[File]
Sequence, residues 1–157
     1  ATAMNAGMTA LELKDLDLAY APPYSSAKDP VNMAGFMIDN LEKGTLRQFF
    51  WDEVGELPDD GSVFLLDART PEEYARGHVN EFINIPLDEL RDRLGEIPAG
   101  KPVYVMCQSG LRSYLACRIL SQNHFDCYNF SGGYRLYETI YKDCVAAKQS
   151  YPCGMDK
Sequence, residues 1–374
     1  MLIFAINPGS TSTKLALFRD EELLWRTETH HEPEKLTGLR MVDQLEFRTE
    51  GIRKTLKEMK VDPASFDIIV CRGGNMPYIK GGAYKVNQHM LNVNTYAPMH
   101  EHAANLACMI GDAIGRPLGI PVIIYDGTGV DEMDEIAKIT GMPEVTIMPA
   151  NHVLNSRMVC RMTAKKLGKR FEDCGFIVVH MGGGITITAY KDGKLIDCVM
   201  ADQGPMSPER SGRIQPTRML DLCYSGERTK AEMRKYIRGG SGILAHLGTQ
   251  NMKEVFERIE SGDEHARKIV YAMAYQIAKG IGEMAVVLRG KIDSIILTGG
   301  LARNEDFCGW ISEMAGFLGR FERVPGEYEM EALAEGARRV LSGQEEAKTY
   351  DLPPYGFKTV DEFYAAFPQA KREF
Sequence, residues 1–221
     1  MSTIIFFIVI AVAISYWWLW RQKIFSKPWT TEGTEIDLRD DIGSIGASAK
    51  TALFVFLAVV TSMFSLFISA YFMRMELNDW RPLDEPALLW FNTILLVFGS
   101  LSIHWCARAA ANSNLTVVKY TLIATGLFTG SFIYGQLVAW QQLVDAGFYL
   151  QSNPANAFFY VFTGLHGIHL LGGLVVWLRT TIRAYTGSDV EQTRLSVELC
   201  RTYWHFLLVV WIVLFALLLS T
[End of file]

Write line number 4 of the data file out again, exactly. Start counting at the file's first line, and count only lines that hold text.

   101  KPVYVMCQSG LRSYLACRIL SQNHFDCYNF SGGYRLYETI YKDCVAAKQS